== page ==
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    1. Yes, I looked too, and was surprised that it looked better than I had thought it would based on my cousin's report. That big mailbox is an eyesore, but I'm sure the old ones nestled in the wall inside are too small by today's mail standards. I think this must have been a good day before party revelers left everything out. And the bushes look rather sraggly.

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  18. I really enjoyed this post...great pictures of a house, and I'm amazed they are just of a house, er apartment. Someone (you?) must have thought highly enough of it to memorialize it on film. Thanks. Of course having it belong to your family, having lived there, it made a great story!

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  19. The attic apartment would be my personal pick.
    I love the details she brought to this place.
    But I would personally pass on the pink everything...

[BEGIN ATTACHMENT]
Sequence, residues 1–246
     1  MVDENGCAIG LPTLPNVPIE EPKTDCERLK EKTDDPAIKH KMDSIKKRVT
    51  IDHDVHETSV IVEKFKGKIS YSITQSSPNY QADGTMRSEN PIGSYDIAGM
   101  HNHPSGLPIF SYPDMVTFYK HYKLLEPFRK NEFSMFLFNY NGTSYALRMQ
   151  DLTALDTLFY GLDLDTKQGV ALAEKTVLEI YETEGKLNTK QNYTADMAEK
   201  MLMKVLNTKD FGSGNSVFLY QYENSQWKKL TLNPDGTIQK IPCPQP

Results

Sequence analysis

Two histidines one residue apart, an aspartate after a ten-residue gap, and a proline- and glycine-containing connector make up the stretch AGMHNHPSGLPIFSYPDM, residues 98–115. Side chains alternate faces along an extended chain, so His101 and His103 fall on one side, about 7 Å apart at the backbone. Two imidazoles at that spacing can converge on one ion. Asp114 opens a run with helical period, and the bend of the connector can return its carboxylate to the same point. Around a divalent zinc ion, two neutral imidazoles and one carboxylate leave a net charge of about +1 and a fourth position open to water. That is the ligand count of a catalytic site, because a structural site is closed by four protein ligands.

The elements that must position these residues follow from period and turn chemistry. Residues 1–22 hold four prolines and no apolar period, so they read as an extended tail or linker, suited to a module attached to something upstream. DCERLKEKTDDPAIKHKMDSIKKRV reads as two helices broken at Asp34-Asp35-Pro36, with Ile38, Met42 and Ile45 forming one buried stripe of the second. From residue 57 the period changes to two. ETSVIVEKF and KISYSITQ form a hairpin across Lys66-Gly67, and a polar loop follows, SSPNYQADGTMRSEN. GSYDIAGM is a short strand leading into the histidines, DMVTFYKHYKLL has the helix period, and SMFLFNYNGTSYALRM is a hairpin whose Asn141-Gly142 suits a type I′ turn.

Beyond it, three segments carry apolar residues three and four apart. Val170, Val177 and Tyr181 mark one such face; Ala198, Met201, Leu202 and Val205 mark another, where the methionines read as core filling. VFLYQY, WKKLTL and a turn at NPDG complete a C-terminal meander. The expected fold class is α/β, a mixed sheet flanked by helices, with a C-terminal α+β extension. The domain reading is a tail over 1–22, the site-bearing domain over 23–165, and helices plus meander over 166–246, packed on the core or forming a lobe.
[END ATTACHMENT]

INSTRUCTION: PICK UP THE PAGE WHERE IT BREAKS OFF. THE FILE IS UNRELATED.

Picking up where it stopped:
Not in my color palette, I'm sure!!!
    I never got to see my grandparents' house once it was sold in the 1960s to another family,
    but my mom visited them and said they did good on the place.
    Maybe this house here will finally fall into good hands, one day, before it's too late.
    :)~
    HUGZ

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  20. An impressive building (it looks larger on the photos than in google streetview). I guess students are living there now, which indeed doesn't improve the quality. The house itself looks like an old colonial building, Violetta had a good architectural taste. If somebody would chop down the tree left of center, and the mailbox, and hire a skillful gardener, it would look tiptop again (at least from the outside).